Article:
Washington— A Federal Communications Commission (FCC) staff proposal to count cable subscribers as digital-television households in order to hasten the return of analog television broadcast spectrum received mostly favorable comments from members of the House Commerce Committee during a public hearing Wednesday.
The plan was also applauded, in part, by the Consumer Electronics Association (CEA), although the National Association of Broadcasters, whose members could be forced to end analog broadcasting before most homes have digital television sets to receive their signals, remained opposed to the proposal.
The National Cable & Telecommunications Association (NCTA) was also wary of a plan that would expand broadcasters’ must-carry rights on cable platforms.
In voicing initial support for the plan, Commerce Committee chairman Joe Barton (R-Texas) said that selling off the analog television spectrum for new technology applications was of greater importance to the country than seeing that 85 percent of U.S. homes have high-definition television sets.
Ranking Democrat John Dingell (D-Mich.) also praised the FCC for its efforts to hasten the return of analog TV spectrum, pointing out that the TV transition will bring new jobs to the economy.
Ken Ferree, FCC Media Bureau Chief, has recommended that cable subscribers qualify as DTV households because cable services would carry the digital television broadcasts and downconvert those signals for display on existing analog TV sets.
Broadcasters are to return their old analog channels to the government by 2007 or when 85 percent of homes in any given market are able to receive DTV signals. Cable operators could then be required to carry all of a broadcaster’s multi-cast standard-definition and HDTV signals, under Ferree’s recommendation.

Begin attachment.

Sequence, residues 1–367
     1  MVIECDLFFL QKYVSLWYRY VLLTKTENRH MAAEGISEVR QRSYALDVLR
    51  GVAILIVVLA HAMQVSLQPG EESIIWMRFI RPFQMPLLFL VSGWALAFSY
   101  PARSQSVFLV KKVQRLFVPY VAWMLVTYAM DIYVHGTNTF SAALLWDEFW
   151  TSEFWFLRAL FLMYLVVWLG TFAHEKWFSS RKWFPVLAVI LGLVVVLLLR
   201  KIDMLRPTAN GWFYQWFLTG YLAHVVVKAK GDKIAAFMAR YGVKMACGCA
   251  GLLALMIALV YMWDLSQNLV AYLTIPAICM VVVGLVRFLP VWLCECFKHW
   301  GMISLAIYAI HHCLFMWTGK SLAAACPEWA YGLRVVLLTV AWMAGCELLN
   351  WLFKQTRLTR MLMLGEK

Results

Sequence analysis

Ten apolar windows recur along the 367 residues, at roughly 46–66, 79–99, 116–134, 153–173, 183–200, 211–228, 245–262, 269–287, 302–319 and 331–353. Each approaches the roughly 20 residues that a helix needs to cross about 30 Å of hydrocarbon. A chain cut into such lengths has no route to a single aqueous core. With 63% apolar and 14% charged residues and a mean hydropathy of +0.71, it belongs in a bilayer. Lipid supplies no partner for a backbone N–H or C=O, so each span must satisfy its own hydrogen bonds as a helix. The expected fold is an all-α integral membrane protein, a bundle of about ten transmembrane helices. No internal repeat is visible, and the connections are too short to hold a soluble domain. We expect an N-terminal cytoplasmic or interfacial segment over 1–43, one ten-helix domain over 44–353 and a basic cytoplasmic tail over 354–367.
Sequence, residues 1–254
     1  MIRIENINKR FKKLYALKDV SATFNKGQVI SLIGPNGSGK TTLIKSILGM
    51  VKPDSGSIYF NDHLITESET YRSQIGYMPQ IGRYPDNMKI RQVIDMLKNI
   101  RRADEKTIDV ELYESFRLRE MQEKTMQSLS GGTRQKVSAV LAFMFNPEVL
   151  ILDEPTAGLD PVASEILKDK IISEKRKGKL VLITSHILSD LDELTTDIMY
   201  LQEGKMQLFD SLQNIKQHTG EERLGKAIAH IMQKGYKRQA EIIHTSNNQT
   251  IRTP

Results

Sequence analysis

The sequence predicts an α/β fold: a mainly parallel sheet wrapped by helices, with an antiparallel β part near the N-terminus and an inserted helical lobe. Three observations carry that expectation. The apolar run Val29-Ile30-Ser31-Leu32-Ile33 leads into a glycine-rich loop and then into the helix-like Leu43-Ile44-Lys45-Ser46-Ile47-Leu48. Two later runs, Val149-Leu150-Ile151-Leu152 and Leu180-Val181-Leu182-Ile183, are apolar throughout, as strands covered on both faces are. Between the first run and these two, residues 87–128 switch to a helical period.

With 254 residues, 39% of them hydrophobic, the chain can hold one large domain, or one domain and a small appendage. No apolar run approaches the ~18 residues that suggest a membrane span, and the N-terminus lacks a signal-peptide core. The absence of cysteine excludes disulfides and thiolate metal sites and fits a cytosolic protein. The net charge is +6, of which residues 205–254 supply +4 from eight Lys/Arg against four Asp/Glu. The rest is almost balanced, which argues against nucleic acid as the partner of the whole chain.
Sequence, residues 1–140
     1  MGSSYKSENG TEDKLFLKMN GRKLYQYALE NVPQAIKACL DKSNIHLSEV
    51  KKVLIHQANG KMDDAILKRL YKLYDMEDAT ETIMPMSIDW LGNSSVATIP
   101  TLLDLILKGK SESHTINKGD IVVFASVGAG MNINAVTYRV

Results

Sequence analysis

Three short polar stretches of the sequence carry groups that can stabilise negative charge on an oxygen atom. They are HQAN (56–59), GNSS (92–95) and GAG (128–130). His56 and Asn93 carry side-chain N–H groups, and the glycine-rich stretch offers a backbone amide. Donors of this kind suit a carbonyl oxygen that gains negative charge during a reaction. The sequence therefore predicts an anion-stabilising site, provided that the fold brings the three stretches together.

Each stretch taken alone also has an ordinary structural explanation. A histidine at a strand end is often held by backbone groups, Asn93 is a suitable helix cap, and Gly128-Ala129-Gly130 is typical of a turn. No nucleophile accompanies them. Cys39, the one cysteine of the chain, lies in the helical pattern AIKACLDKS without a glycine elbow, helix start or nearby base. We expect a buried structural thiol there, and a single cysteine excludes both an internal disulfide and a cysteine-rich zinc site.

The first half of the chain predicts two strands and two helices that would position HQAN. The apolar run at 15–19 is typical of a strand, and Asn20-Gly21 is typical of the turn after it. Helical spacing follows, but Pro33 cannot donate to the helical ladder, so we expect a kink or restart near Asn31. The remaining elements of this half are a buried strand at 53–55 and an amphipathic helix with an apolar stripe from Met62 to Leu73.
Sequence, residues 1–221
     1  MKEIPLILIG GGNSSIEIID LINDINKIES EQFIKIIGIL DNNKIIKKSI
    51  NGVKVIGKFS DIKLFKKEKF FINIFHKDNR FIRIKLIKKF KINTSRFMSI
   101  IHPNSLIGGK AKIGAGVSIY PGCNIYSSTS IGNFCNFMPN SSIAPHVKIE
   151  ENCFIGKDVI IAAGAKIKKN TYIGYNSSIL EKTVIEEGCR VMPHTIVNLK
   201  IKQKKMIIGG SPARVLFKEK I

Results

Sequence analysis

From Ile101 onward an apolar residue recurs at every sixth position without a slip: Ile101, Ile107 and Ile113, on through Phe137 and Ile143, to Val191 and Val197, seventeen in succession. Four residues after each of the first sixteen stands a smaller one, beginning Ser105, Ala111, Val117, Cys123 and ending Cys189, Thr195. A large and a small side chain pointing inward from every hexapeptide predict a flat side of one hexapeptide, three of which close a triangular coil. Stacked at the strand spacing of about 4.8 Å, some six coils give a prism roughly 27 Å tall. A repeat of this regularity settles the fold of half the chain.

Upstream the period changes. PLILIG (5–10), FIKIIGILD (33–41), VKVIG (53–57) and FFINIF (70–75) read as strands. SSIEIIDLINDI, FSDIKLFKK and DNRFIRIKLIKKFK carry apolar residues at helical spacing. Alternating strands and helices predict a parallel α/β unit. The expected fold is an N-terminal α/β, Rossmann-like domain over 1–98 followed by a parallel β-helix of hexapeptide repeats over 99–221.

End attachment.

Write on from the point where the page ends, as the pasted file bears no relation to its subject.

However, the national DTV adoption rate has fallen well short of 85 percent by the 2007 date. Ferree, who pointed out that it could take until 2050 to reach the 85 percent rate, said under the new plan the spectrum return date should be Jan. 1, 2009.
The FCC also suggested that the remaining consumers who do not subscribe to cable and do not have the means to afford a new digital television set could be given $50 to $100 to purchase a digital-to-analog converter box. The cost could come from the funds the government raises from the auction of the returned analog spectrum.
While commending much of the proposal, CEA president Gary Shapiro suggested several modifications. These included a requirement that cable operators carry all of the free bits of broadcasters’ DTV signals in full resolution and sound in addition to offering downconverted standard-definition output for existing analog sets.
He also called for a requirement that cable operators rely on separable security or “CableCARDs” in the equipment they lease to consumers.
“The DTV transition is not just about recovering the analog spectrum. It also is about bringing a new and improved TV experience to consumers,” Shapiro said. “Indeed, a primary reason that broadcasters were allocated 6MHz of spectrum in the first place was to allow them to provide their viewers with a full high-definition signal.”
To further push the adoption of DTV sets, Shapiro asked that broadcasters be required to deliver their digital signals at full power to fully replicate the coverage of their analog service areas. He also asked that direct broadcast satellite TV providers be allowed to carry distant network signals to so-called “white areas” (areas out of reach of broadcast signals) and called for the rejection of “selectable output controls” and other measures that threaten home recording and fair-use rights.
In opposing the proposal, Eddie Fritts, NAB president, said that “by counting local television signals that cable companies downconvert into analog format as digital, the plan would turn the congressionally mandated 85 percent consumer threshold on its head.
“Millions of Americans would potentially lose their local television service altogether, and millions more would find secondary television sets in their homes rendered obsolete. This was never the public policy objective of Congress,” he continued.
Robert Sachs, NCTA president, said, “Imposing multicast carriage requirements would do nothing to advance the digital transition. Most obviously, a multicast must carry rule, were it legal, would, under the Bureau’s plan, take effect only after the broadcaster has returned its analog spectrum.
“By counting a broadcaster’s single downconverted signal carried by cable towards the 85 percent test, the Bureau’s plan already would achieve the goal of expediting the transition’s end,” he added.